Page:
Whole Foods has submitted new plans to occupy the space that Best Buy vacated way back in 2017, as the grocer continues its now nearly-six-year quest to be the new anchor tenant at City Center plaza at Geary Boulevard and Masonic Avenue.
It was way back in September 2017 when the Best Buy at Geary and Masonic closed, but as Hoodline reported at the time, a new tenant was already lined up. And we learned within a month that the new tenant was a Whole Foods. But Whole Foods has had a whole lot of very San Francisco problems since then in getting open.
Board of Supervisors unanimously upheld this CEQA appeal yesterday. Whole Foods' proposed project at Geary/Masonic must go through environmental review and mitigate environmental impacts. https://t.co/72ABvQXjyo— Dean Preston (@DeanPreston) November 18, 2020
Originally, some sort of big-box store pissing match between the City Center’s Target and Whole Foods’s owner Amazon delayed things. The San Francisco Planning Commission did finally approve the new Whole Foods in June 2020, but that was appealed to the Board of Supervisors by some grocery worker’s unions in November 2020, and in true SF Board of Supervisors fashion, the board “directed the Planning Department to further analyze potential air quality impacts on sensitive receptors near the project site.”
Whole Foods, whole EIR?— Robert Fruchtman (@_fruchtose) June 27, 2022
The chain, applying to open a store in a vacant space at the shopping center at 2675 Geary Blvd, was denied a common sense CEQA Exemption in 2020 by the Board of Supes. Now SF Planning has announced that a full review will be performed. pic.twitter.com/3rLOsrrrVr
Whole Foods’ plans for the site are still in the works, though taking longer than the next George R.R. Martin book to complete. On Thursday, the grocery chain submitted their latest environmental impact report (EIR) to the SF Planning Commission detailing their plans to mitigate concerns over noise, traffic, and air quality.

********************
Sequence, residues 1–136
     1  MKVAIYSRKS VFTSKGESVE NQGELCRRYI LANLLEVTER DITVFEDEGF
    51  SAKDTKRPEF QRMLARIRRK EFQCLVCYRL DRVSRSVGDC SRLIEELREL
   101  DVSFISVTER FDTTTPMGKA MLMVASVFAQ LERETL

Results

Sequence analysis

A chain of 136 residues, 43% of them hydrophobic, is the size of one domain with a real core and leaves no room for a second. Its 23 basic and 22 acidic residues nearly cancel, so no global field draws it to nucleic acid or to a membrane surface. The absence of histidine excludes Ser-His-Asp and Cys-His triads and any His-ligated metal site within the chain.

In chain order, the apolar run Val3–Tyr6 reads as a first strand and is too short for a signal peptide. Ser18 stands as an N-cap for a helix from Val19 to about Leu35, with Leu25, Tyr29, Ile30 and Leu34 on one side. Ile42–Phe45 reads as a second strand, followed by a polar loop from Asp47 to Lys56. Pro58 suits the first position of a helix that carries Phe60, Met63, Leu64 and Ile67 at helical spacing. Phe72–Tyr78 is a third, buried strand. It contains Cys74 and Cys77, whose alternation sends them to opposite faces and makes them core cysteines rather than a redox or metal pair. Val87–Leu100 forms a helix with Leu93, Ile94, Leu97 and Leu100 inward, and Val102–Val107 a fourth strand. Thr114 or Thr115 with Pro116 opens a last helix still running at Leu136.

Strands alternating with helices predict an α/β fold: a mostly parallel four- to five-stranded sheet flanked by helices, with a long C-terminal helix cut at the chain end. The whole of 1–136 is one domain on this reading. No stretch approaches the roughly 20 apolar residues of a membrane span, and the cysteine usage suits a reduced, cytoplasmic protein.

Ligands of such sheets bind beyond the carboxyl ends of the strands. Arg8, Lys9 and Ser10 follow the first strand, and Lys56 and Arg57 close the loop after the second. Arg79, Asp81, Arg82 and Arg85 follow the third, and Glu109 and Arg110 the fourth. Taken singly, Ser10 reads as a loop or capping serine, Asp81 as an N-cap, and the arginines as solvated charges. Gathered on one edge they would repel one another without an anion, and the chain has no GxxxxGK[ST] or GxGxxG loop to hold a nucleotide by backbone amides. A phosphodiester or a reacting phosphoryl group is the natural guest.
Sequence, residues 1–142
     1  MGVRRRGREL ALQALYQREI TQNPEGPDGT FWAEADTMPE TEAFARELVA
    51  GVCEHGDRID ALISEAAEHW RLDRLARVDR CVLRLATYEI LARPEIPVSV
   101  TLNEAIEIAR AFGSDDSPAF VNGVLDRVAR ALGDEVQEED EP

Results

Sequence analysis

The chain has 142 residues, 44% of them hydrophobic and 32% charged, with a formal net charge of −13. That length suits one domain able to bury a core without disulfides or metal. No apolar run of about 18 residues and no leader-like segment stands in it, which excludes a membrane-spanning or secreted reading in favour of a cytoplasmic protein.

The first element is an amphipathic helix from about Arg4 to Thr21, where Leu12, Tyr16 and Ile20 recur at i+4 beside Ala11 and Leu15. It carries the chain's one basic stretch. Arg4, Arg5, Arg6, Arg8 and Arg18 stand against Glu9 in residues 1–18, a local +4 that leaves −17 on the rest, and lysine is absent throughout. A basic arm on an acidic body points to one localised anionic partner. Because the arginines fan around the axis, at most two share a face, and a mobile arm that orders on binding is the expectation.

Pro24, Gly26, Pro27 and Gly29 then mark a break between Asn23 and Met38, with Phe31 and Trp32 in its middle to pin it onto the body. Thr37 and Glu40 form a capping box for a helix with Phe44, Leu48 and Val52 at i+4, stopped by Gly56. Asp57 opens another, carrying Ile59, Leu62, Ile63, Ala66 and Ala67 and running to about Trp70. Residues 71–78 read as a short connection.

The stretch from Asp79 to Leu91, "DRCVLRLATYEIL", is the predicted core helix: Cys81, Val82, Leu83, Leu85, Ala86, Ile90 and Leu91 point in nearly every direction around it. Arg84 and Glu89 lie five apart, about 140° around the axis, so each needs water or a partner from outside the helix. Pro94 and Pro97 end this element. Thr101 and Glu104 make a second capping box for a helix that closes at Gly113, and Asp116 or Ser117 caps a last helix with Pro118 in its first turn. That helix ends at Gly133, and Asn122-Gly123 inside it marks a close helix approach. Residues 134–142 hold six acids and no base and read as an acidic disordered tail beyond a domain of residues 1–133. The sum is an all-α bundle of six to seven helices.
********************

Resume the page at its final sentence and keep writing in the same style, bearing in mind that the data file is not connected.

There is a Bright Horizons daycare facility at City Center, so some of these concerns may be justified. Whole Foods said in the report they would add a “rooftop mechanical penthouse” which would house refrigeration equipment, a cooling tower, and their HVAC units. The Planning Department also concluded that pollution from diesel trucks “would be less than significant.”
“It was actually very interesting to see the large shopping center being retrofitted to accommodate a use like Whole Foods,” commissioner Kathrin Moore said Thursday. “And that is possible, given that sitting on level three [of the plaza] with the ability to create the proper ventilation, ducting system for refrigeration stuff. Glad to see it happen. Long overdue.”
Thursday’s action did not approve the Whole Foods moving into the 2675 Geary Boulevard plaza, it was just a hearing on Whole Foods’s latest draft of plans for the space. So it will still be years when (or even if) the grocer opens there. And a combination of blight and unfriendly architecture will leave that plaza feeling like a graveyard until then — a collection of concrete headstones that bring back memories of the former tenants Sears, Mervyn’s, Toys 'R' Us, and others.
Related: Target Griping Might Kill Masonic Boulevard Whole Foods [SFist]
Image: Alvin J. via Yelp